Unlike many Ontarians my age, I’ve never dreamed of owning a cavernous mansion in Oakville or a high-rise condo on Front Street. What I would do instead, if through some unlikely event I ever came into a lot of money (perhaps because I won the lottery, or I was the only carrier on earth of the antibody to a world-ending virus), I would instead build myself a cottage and never return to the outside world again.
It’s not like I’m nostalgic for cottages. My family never had a cottage growing up, nor did anyone else I knew. But I love camping, I love living off the beaten path, and I love the idea of being a homeowner without the baggage of owning a house. Houses are stressful – they involve banks, and HOAs, and door-to-door salespeople. Cottages, on the other hand, are just lovely.
Having established my desire to have one, these are the top 5 places in Ontario where I’d love to build a cottage – and why.
The most beautiful sunsets I’ve ever seen were out over the waters of Lake Huron in Kincardine. I would seriously love to build a cottage in one of the surrounding towns like Amberley or Point Clarke. It’s not really cottage country, exactly, but more like a coastal farm town, where you can find a Great Lake in one direction and rolling fields ten minutes down the road. In other words, it combines the best of two really beautiful worlds.
What makes is it even better is this: it’s an area where regular people can still afford to build a cottage in Ontario. I’ve seen empty lots literally minutes from Lake Huron go for $50,000 – sure, they’re campsite-sized lots, but that’s really all you need when you buy into the cottage dream. It’s attainable, and that’s the best kind of dream there is.
Again, not your typical cottage country. In realty, Elora will probably be counted as part of the ever-expanding Greater Toronto Area in a few years’ time. But it will hopefully be much longer than that before the town loses its personality, which is wonderfully weird and old-fashioned at the same time. It’s like a big Eden Mills or a smaller Guelph.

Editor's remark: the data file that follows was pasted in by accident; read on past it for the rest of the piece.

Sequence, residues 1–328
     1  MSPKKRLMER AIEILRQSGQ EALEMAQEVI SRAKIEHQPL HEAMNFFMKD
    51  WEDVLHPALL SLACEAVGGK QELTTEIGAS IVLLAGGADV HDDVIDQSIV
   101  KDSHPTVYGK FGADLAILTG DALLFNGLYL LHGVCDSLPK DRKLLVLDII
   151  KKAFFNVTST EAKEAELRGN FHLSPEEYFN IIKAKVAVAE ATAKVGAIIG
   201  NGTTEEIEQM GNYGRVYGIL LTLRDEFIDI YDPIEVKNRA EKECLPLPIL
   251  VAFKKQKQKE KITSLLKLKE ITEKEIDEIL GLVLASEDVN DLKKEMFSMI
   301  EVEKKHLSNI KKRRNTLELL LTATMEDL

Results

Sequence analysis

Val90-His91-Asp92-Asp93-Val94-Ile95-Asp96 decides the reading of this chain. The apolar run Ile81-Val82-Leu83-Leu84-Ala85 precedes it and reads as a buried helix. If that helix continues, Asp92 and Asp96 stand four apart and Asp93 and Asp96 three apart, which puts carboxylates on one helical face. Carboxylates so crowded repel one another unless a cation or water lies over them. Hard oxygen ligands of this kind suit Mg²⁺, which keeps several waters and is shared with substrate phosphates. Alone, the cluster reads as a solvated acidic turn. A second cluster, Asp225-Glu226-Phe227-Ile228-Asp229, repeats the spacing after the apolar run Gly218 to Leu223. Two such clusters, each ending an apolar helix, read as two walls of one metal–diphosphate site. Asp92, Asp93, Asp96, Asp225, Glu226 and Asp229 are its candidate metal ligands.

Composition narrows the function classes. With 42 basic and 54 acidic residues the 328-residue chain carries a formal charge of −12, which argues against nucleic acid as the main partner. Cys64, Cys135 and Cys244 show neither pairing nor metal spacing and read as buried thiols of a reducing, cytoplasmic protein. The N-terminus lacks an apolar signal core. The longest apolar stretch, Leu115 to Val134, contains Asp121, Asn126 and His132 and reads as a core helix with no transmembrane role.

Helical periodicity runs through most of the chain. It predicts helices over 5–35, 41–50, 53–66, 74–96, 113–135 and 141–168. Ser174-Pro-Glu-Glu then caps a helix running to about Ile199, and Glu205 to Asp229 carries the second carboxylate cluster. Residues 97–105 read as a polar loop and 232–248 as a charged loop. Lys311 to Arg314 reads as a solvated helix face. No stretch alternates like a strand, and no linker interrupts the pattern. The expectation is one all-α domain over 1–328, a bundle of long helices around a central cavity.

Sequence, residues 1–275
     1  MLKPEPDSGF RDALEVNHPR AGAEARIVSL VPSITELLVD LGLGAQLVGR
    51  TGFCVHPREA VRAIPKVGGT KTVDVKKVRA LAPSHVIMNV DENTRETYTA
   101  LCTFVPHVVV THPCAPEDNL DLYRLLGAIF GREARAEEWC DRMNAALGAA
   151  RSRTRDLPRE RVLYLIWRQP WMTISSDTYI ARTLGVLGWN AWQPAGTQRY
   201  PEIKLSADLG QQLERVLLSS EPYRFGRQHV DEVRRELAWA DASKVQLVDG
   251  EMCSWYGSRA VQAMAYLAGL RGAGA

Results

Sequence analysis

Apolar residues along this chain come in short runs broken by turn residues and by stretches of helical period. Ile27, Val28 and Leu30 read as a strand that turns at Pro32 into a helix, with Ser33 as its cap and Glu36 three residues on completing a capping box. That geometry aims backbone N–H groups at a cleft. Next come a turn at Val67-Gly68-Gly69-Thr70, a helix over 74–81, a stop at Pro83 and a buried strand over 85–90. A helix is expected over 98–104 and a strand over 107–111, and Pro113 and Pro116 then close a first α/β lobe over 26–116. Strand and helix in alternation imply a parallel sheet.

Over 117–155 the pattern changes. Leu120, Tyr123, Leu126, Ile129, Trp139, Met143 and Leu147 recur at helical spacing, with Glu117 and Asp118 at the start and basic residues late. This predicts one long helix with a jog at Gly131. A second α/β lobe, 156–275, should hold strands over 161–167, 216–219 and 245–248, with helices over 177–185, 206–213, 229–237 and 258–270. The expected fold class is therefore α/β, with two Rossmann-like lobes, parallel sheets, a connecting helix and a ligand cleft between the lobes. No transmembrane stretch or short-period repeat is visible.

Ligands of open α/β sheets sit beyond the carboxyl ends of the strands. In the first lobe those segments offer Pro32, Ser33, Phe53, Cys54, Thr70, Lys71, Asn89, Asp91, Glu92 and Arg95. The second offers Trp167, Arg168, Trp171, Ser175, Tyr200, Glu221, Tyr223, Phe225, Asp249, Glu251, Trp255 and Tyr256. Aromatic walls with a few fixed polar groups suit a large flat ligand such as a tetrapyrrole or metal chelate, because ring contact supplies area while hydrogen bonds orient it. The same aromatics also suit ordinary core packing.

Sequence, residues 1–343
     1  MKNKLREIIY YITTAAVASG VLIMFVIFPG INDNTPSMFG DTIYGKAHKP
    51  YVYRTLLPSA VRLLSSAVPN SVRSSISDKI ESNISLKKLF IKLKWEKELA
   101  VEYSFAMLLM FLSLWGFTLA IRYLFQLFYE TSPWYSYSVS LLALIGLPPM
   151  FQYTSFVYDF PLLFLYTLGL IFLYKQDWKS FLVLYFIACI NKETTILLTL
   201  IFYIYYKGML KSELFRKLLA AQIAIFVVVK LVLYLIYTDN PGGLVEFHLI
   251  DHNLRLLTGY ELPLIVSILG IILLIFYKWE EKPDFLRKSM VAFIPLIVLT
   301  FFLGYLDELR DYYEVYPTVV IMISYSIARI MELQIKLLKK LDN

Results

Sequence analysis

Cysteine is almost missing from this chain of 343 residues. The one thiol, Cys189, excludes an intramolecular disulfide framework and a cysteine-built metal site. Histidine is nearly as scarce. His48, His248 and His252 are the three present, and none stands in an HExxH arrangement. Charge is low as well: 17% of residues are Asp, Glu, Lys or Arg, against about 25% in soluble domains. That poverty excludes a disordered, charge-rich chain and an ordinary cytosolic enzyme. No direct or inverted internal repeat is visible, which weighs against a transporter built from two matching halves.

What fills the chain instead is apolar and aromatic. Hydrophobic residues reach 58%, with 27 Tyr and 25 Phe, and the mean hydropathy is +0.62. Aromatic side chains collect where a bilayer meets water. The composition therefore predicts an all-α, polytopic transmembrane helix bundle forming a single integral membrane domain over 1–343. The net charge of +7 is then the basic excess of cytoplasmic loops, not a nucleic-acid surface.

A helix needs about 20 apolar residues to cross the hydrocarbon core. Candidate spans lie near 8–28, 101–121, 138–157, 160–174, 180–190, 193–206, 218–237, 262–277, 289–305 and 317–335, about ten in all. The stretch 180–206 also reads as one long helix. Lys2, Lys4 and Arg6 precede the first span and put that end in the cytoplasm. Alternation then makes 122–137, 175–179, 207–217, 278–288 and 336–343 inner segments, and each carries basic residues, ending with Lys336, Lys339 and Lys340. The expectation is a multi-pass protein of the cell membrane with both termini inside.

The problem with Muskoka is that it’s rife with people in the uppermost tax bracket. There is probably more wealth concentrated around Lake Rosseau in Muskoka than there is on Bay Street. Now, I’m not saying that there’s anything wrong with the wealthy — they’re just not my people.
Minden, on the other hand, is an undiscovered gem of a cottage town out by way of the Kawartha region. It’s small and quiet. There is an even mix of modest, country houses and picturesque cottages (many built by sustainable home builder Royal Homes – click here to check them out). The lakes are small, but pristine and healthy.
My favourite part of Minden is this: the lazy river that runs through the middle of town, and the beautiful walking trails that run on either side of it. You can board a raft upstream at the park and float down the river to the ice cream shop (which is actually shaped like an ice cream cone).